First Week of School – Primary One

This entry has taken two weeks to prepare because this year, both my children have started new school journeys in new schools. For Phoebie, she is now in primary one and for Breyen, he has officially started at Phoebie’s old kindergarten in Pre-Nursery. 

Thankfully, Phoebie and Breyen started in different weeks, so husBenKoh and I had time to help one child at a time.

Phoebie started her new journey first and it was one that required major adjustments. For one, Phoebie has never been a child who liked to wake up early, and from this year onwards, she has to attend the morning session. For another, she now has to learn to buy food on her own and learn the value of money. 

HusBenKoh and I tried our best to prepare Phoebie mentally for her first day, but of course, no preparation compares to facing the challenges herself.

Four days before the new school year started, the school organised its orientation programme for both new students and parents. We all got to tour the school, meet the form Teachers and Phoebie’s new classmates. Most importantly, we got to hear from the school Principal and Vice Principal about school values and policies.

Particularly, two things that the vice principal mentioned stuck with me.

“If your child has forgotten to bring something to school, don’t rush to bring it to him or her. Your child will have to learn to be responsible for his or her own things,” said the vice principal. Wow. I like this vice principal already.

“If you need to contact our teachers, you can either email them or send them a message through the app our school uses. However, please understand that our teachers also have their families to attend to. If they do not reply you as quickly as you wish, please understand that they will get back to you as soon as they can,” said the vice principal. Really, I like this vice principal.

I had a chance to speak to the vice principal and told her that I really liked what she said. The logic is simple. When teachers know that the school management is taking care of them, they will be happier. When they are happier, they will be better teachers. 

So with an understanding of how the school is, and having met her teachers and classmates, on the first working day of 2017, Phoebie started her journey in primary school.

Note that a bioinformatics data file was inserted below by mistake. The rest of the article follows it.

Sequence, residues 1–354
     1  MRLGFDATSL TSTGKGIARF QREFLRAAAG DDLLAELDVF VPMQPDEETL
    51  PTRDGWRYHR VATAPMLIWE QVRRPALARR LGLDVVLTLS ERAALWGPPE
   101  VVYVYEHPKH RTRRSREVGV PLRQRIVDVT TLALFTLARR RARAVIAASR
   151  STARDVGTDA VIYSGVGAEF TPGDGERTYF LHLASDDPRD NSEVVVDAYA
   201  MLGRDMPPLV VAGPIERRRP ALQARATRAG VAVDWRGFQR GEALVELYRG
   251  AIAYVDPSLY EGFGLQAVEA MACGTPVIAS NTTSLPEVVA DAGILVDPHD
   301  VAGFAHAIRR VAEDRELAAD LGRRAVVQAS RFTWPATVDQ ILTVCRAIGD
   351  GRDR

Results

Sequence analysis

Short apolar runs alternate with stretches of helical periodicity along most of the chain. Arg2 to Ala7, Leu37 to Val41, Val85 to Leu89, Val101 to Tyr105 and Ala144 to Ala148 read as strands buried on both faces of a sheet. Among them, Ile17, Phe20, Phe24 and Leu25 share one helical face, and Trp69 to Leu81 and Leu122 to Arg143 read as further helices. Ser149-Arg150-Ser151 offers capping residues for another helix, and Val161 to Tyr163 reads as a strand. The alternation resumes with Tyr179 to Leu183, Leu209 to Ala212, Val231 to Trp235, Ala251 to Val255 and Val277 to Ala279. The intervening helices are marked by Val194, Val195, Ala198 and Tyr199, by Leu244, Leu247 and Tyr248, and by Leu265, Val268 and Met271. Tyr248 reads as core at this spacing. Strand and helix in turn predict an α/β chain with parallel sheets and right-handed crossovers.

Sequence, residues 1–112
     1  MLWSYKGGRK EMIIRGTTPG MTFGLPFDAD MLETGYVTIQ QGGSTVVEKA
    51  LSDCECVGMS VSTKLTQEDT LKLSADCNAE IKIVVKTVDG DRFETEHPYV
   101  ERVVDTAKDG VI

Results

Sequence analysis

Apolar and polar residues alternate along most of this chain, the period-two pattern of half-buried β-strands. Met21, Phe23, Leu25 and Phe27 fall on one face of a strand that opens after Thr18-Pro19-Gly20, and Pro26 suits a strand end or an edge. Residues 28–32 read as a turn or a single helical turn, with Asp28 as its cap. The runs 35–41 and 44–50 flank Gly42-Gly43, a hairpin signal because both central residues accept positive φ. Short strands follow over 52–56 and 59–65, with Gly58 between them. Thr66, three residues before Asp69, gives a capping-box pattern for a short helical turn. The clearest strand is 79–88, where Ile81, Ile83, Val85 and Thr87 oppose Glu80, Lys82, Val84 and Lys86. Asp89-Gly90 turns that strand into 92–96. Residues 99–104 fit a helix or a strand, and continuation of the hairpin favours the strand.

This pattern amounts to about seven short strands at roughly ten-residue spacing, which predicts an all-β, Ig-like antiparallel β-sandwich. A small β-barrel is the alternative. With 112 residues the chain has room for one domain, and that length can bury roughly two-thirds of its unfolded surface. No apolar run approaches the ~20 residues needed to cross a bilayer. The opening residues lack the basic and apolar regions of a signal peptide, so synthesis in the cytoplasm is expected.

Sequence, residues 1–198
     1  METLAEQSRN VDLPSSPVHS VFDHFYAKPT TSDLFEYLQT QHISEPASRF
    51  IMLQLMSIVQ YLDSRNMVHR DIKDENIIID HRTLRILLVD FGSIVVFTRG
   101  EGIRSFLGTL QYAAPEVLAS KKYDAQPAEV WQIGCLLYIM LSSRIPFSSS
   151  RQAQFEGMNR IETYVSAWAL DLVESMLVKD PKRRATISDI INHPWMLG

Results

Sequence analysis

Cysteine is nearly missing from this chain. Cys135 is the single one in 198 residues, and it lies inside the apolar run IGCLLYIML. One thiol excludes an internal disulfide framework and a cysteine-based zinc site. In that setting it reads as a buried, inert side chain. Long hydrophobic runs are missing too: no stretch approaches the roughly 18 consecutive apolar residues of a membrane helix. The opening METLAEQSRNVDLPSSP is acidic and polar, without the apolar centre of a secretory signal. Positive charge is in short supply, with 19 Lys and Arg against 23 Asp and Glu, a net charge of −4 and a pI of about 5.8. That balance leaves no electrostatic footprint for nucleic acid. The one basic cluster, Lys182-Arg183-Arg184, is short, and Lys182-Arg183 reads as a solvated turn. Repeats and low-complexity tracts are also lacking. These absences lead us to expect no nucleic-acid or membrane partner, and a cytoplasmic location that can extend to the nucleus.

The decision for the mode of transport was a tough one. HusBenKoh and I initially wanted to let Phoebie take the school bus, but after considering the distance from our home to her school, we decided that I will send Phoebie to school, so that she will not have to wake up at 5am to catch the 6am school bus.

We made sure Phoebie understood the importance of sleeping early, and conditioned her to sleep early and wake up early. On the first day of school, she woke up all excited and got ready for school.

To help primary one students cope, the school had arranged primary four students to buddy with the primary ones during recess, so that the older students could guide the younger ones as they learnt to buy and carry food on their own.


For some reason, Phoebie had two buddies instead of one, so she had two “older sisters” with her for a week. Parents were also allowed to observe from the perimeters of the canteen.

On the first day, Phoebie conveniently ate the cereals I had packed in her bag during recess. My intention of packing the cereals was for her to eat them after school while waiting for me, but perhaps I was not clear with my instructions. So on the second day of school, I specifically told her that she had to learn to buy food while she still had her buddies to guide her. 

Phoebie followed instructions and on the second day, she asked her buddies to bring her to the stalls and see what food her school canteen had to offer. Excited about her purchase, she ran to us to tell us that the stall she had bought food from also gave free fruits. While I wasn’t too excited about what she bought (fish ball and crab stick? Really?), I was glad that she at least tried to buy food. That was a good start.

Watching how the recess buddies fuss over Phoebie made me laugh. The teachers must have instructed them to take really care of the primary ones, because they were carrying things for Phoebie and even fed her water. They really treated Phoebie like she was a very young child. I decided to ask the buddies to come over and asked them to guide Phoebie about looking after her belongings instead of doing everything for her. They giggled and  agreed.


Week one wheezed by before I knew it and hence my journey of chauffeuring the children began. 

Phoebie was happy in school, and her class form teacher was prompt in informing parents about what we could do to help our primary one children adjust to long hours in school and having to learn many things. 


One of the things Phoebie had to adjust to was having to learn spelling. The list was given to us at the start of the second week, so I made a copy of the list and explained to Phoebie the importance of starting early in preparing for her weekly spelling test.

She wasn’t particularly happy but after some episodes (that’s another story for another time), she understood why i wanted her to prepare for the test early.

All in all, Phoebie is adjusting well to life in Primary School. I can only be thankful that the school management has made good arrangements to help the young children cope with the big change from kindergarten life to primary school life. Now to move on with the rest of the journey.

Next entry, Breyen’s first week in Kindergarten!

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2 thoughts on “First Week of School – Primary One

  1. Pingback: First Week Of School – Kindergarten | Mummy Priscilla

  2. Pingback: The Fine Line Between Being Kind and Being Taken Advantage Of | Mummy Priscilla

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